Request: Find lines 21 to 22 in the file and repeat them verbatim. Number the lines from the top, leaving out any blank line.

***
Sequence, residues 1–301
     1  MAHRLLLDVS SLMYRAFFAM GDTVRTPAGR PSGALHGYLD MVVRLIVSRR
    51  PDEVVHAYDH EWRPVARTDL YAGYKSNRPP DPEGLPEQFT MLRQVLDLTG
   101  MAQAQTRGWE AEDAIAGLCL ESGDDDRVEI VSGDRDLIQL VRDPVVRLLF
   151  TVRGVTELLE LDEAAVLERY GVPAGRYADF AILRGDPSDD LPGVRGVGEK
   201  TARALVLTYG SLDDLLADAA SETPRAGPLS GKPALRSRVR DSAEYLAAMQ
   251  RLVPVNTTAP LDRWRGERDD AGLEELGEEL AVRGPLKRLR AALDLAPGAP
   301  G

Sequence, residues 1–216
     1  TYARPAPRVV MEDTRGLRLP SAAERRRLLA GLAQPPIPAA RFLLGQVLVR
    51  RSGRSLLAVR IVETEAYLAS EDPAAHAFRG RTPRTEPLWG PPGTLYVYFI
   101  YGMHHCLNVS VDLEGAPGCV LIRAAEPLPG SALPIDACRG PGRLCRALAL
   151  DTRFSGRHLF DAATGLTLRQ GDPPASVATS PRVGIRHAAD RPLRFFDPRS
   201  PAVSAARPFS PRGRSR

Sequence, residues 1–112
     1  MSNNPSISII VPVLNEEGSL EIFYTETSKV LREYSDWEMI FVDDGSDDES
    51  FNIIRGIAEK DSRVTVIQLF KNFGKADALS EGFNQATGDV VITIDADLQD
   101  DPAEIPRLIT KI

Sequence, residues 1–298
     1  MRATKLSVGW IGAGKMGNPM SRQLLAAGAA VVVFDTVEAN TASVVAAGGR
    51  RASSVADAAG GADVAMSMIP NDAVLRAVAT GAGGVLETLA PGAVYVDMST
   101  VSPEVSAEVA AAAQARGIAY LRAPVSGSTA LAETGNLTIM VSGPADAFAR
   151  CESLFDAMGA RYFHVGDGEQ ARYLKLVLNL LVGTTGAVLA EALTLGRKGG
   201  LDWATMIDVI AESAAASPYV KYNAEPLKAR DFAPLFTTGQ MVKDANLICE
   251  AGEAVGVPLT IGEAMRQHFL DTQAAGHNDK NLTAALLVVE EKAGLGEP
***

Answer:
    51  RASSVADAAG GADVAMSMIP NDAVLRAVAT GAGGVLETLA PGAVYVDMST
   101  VSPEVSAEVA AAAQARGIAY LRAPVSGSTA LAETGNLTIM VSGPADAFAR